Well I'd never been there before but the bits I saw of it looked ok. We were at the wittily named Leatherhead Theatre hoping- in my case at least- to erase the memories of the last few rather peculiar shows. After a few parking problems we're all present and correct and in the dressing room with Pete handing out cheques and revealing everything from recording plans to a name change for the show- as of January 1st we will be- fanfare!- The Chicago Blues Brothers. The general consensus of opinion is that 'Sweet Home Chicago' is a good name but doesn't really say what we do whereas the 'new' name makes it pretty clear... and there's already shows booked in that name for next year so we're off to a good start. There's also plans for t-shirts, CD's, hats & glasses- start saving now kids!!
Soundcheck time and I've got a new set-up to try- it's a Peavey 'Classic 30' combo with an Electro-Harmonix LPB-1 (it's short for 'Linear Power Booster'- you have to buy a pedal called that now don't you?). I always find it a bit strange playing through a new amp or pedal so changing both at the same could be a bit risky to say the least. But everyone thinks it sounds good (phew!!) though it's different enough from my old Laney combo to put me on edge a bit; add to that the fact that Karn, the manager of Pro Music (the shop I work at in Ickenham), is coming to the show and I'm finding myself to be unusually nervous.
Time to go to the pub then. The pub round the corner's called The Penny Black and is 'rough on a Friday night' according to the guy in the theatre box office. Michael and myself had no problems although it was only early... we rant and rave over the future of pop music (like we're experts!) for a half hour or so then head back to the theatre. Karn's arrived (gulp!) and everybody's ready to rock- which we do with no little success, a fine show all round with my amp sounding as good as I hoped it would and the LPB-1 turning it into a veritable fireball of sound for the solos. And Karn loved it too which was a relief- he's an excellent guitarist himself so his opinion meant a lot to me.

Mind you, if he'd hated it I wouldn't have even told you he'd been at the show.

Sunday, November 05, 2006

Basildon (and on)

7.30 Saturday evening, just outside Basildon. A blindfolded man is led into a darkened room. Everybody knows why he's there, apart from him. The lights go on as the blindfold comes off. His face is a mixture of astonishment and horror. There's a loud bang. No going back now... the rest of his band play 'Happy Birthday'. Well I did my best to make it sound like something out of 'The Long Good Friday' but actually it's Glenn Sissons's 50th birthday party at the local leisure centre. His band are the splendidly named WHERE BEAGLES DARE (I think you'll agree that's a great name!) who are playing first, then we're doing our X-Commitments set. Amazingly Glenn knew nothing of all of this until they took his blindfold off- he thought he was going out for a meal. He was the bassist in The Illegal Eagles and has also played with Suzi Quatro and The Love Affair amongst others, often with our drummer John- hence our connection with him. I'd not met him before but he seemed a splendid if rather bewildered fellow. His band are good too- material ranging from U2 and Green Day to Squeeze and Joe Walsh with excellent harmony vocals from everyone in the band.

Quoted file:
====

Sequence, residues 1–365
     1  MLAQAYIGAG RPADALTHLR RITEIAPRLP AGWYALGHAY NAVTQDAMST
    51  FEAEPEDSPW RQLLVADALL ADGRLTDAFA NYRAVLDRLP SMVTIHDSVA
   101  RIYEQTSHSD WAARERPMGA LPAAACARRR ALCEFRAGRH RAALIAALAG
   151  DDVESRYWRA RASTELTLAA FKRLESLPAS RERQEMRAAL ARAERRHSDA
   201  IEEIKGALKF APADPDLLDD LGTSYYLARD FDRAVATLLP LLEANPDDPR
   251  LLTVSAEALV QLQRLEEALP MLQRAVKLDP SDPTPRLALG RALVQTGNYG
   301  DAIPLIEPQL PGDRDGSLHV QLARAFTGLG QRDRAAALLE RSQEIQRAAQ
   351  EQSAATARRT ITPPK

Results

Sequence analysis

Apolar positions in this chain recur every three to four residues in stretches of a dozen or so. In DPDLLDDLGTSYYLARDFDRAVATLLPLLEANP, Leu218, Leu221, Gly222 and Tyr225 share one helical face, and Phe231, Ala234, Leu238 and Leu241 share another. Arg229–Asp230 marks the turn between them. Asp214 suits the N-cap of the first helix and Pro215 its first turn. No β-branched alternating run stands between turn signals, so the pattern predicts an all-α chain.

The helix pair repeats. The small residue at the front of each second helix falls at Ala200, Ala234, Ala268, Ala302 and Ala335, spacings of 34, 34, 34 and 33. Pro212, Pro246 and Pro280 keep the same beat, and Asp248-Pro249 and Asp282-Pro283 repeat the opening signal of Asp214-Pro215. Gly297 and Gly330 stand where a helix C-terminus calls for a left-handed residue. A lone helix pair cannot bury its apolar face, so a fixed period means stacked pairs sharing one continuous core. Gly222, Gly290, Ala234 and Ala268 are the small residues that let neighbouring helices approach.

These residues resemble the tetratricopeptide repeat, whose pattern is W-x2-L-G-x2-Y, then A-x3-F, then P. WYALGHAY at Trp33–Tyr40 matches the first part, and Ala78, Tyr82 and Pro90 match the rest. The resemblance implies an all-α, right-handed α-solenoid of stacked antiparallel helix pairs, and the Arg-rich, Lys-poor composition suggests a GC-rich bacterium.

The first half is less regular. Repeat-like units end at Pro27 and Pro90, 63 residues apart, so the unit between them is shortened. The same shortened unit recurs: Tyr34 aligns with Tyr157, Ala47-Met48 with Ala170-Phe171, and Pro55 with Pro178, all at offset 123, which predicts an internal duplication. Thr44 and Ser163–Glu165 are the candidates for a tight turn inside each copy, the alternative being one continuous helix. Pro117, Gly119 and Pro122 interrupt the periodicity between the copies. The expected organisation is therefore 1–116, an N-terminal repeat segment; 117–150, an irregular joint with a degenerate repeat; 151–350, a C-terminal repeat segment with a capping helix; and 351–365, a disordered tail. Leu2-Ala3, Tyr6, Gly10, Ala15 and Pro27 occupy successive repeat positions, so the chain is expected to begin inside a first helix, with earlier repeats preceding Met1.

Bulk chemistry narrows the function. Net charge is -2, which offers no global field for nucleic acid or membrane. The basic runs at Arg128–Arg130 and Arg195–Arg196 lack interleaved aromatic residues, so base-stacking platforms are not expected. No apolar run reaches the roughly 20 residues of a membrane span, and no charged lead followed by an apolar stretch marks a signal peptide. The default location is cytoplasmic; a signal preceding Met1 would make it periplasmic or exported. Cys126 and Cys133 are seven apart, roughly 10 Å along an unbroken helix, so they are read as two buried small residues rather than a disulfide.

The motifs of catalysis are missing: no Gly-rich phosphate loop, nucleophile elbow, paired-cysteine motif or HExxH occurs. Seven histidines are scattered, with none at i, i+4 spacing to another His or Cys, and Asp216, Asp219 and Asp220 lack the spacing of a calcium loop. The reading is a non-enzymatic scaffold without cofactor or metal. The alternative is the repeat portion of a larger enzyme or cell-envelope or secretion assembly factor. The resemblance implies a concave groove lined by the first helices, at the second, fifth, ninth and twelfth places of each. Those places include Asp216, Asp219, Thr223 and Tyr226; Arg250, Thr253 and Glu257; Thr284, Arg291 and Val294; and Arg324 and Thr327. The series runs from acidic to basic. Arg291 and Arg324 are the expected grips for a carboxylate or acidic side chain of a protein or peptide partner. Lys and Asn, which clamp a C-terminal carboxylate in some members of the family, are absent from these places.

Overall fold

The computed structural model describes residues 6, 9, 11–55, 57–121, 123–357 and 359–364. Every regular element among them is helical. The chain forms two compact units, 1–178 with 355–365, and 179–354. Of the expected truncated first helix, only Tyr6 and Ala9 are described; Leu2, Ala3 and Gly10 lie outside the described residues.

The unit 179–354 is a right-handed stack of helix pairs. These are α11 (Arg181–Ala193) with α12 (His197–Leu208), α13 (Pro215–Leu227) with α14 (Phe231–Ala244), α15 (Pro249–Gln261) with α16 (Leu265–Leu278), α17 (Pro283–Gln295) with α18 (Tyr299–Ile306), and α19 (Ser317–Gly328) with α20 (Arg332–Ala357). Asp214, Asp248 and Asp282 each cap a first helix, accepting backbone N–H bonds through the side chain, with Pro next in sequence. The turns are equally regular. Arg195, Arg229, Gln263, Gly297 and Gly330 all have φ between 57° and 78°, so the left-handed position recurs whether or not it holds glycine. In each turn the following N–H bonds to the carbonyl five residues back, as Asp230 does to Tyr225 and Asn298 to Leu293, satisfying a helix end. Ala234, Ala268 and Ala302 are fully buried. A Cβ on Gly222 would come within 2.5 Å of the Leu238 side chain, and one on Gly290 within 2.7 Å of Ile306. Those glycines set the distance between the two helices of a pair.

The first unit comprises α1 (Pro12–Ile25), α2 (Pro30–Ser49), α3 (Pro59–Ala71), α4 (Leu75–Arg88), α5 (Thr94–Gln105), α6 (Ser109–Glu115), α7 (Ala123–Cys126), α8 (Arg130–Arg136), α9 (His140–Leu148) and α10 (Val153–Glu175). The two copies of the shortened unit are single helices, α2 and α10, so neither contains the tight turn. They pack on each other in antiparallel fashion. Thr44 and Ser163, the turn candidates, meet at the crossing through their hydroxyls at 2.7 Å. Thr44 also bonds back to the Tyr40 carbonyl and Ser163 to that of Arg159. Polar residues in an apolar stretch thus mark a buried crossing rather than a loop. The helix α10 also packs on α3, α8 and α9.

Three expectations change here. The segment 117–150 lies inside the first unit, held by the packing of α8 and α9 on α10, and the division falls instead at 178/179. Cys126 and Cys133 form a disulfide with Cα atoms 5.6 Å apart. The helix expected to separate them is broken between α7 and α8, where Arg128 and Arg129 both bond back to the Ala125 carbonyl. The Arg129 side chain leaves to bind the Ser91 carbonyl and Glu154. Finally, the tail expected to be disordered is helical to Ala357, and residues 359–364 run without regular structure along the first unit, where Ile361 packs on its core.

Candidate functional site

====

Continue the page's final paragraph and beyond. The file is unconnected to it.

Our set was a bit... strange. Neither Squirrel or myself were going through the P.A. system so were obliged to play much louder than normal which didn't go down too well with certain band members. I must admit I rather let it ruin the gig for me which I'm really annoyed with myself about- I've done enough shows to know that these things happen sometimes but I still managed to blame myself which didn't really help my evening go well; and I've just had Squirrel on the phone checking that I'm ok so I must have looked pretty unhappy when I left.

Yeah, I'm alright. I was pretty unhappy when I left but that's mainly because I felt like I'd let myself down by getting annoyed about it all. After Wednesday's debacle in Whitehall (that sounds like a Sherlock Holmes story doesn't it?!?) I was looking forward to playing but, once again, things conspired against us. Ah well. We're playing in Leatherhead on Friday. That'll be a good one.

Thursday, November 02, 2006

Why-at-all? (a.k.a. 'Mr. Benn saves the day!')

Ok- after 2 great corporate shows we were due a rough one and here it is...